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Salinity

Darren Lewey | Morocco

Organization: Creative Camera

The ponds produce the most salt during the summer months when there is no rainfall to dilute the salt content.

Salt piles both white and brown, excavation by way of evaporation, the semi arid desert located basins exposed to the prevailing northerly winds and summer heat. Salt production from the sketchers’ imagination, an environment extremely hostile to life revealing through the frame a kind of atavistic visual austerity.

Using hand dug wells of 2-3 metres across in some instances and 10 meters deep, water is pumped up from the saline underground water source using old band strap pumps and piped into the plastic sheeted basins using roughly connected plastic tubing. Then nature and the daily sunshine takes its course. Most of the basins have been discarded as small scale set-ups offer little financial return due to the increasing cost of materials to manage the plots. The salt is shipped for fish packing or refined for table salt.
 

Some 30 years ago I had read about Saharan Salt and the caravans transporting it up from Algeria and Mail into Morocco. Salt literally worth its weight in gold. I can't be sure whether I had read or imagined desert towns made entirely from blocks of salt. The notion of such a wild inhospitable place appealed as a place to write about. Many years later, I found myself much closer to the Saharan source of salt, living in Morocco.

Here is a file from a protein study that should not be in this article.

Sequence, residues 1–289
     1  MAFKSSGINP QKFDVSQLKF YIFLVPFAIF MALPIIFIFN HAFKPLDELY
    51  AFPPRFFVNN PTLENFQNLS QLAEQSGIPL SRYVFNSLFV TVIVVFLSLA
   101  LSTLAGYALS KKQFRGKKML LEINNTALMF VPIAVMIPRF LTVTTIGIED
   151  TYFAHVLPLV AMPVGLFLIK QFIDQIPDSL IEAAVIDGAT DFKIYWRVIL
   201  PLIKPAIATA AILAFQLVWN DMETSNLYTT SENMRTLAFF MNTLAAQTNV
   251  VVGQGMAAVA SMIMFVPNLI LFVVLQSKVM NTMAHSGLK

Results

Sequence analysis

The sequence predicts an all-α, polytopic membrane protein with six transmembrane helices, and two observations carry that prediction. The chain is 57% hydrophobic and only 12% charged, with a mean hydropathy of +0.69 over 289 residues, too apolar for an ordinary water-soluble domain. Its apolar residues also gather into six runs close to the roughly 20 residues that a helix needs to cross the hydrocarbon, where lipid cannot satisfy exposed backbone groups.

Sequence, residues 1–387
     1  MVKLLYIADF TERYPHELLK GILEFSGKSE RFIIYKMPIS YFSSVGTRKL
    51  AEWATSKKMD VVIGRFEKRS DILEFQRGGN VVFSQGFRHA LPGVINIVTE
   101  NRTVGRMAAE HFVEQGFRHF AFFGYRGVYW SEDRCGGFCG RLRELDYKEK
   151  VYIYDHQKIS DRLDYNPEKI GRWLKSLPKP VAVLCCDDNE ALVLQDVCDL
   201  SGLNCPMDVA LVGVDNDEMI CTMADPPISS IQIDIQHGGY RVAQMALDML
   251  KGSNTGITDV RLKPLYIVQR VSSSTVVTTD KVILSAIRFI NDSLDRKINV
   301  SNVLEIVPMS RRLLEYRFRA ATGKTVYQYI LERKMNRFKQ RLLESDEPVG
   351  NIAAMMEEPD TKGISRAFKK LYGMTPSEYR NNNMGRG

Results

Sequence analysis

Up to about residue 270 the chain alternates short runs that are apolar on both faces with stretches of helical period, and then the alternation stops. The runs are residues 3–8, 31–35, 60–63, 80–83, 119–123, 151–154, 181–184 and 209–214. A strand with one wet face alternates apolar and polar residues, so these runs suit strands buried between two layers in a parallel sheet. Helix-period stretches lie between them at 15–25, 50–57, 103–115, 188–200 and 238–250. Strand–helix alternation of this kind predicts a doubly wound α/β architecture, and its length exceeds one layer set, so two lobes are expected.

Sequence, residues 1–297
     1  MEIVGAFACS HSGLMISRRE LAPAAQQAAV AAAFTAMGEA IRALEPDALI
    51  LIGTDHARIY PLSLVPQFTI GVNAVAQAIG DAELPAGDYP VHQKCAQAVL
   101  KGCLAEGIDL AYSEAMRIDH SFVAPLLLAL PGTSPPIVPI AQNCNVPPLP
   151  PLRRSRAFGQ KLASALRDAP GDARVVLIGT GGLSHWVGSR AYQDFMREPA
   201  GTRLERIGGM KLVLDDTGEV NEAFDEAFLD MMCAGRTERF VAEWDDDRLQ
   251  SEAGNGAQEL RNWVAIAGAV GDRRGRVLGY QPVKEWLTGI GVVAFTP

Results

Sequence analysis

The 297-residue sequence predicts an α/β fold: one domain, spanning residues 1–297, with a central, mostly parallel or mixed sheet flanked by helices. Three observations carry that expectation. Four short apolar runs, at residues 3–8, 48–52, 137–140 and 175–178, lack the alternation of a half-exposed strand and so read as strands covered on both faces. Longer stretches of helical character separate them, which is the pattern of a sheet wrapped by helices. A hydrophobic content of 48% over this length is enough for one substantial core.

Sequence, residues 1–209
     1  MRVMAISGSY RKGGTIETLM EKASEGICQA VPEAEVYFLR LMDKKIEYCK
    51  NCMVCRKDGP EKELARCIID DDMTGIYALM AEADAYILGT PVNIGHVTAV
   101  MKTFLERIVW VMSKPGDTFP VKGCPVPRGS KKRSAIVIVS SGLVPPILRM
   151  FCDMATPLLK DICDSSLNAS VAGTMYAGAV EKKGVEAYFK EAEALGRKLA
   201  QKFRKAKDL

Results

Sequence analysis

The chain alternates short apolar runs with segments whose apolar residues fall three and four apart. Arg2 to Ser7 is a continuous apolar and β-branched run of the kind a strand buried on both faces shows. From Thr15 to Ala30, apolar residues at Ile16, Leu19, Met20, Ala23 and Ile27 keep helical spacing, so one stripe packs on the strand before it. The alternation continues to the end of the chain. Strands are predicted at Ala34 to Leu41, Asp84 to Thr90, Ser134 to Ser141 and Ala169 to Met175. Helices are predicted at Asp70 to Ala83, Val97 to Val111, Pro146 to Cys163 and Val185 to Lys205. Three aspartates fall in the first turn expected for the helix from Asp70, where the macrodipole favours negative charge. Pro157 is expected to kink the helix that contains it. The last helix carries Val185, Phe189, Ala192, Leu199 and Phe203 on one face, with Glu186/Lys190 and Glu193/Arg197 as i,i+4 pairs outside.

The small pockets of Morocco’s salt production located near its western coastline had been on my radar for years but photographically it seemed too unstructured and harsh to make any images there. Set across a few acres, these ad-hoc basins provide a source of income for local families, the men either managing their own small plot or working in a gang to harvest the salt and bag it for the larger pond owners.

I saw the potential for revealing a chaotic harsh environment seemingly devoid of conventional photographic beauty in graphicalterms.It’s austerityin form becameevermore appealing to me. Drawn essentially to line and shapes, the puzzle solving was to create mid distance landscapes whilst veering away from images that became too abstract and of course to make sense of the unstructured layout of the land.

A well known photographer once said that they take photographs to later understand what they saw. The image once transfixed offers a hyper real examination of what was in front of the camera. Small details unnoticed at the time become loaded with meaning and prompt a curiosity in the mind of the viewer. This is essentially the draw of the salt basins and the reductive qualities of black and white mean a single stone can take on visual significance.

Photographing in harsh sunlight also became a conscious decision. It’s the foremost lighting in the region and so is more honest to work with this rather than seek the quality of light rarely available and associated with an idealisticromanticappreciation of land. A gritty aesthetic was also paramount, to reflect the nature of the place. Morocco doesn’t lend itself to clean imagery, making the challenge of finding form in chaos ever more difficult.

The more I have visited the locations, the greater sense I have that my personal circumstances influence my interest. At home, rocks surround our house both fashioned in lines to create barriers or heaped in piles awaiting ground clearance. Essentially I live amongst rocks and so the fascination for for the fusion point between managed and scruffy finds it’s place.

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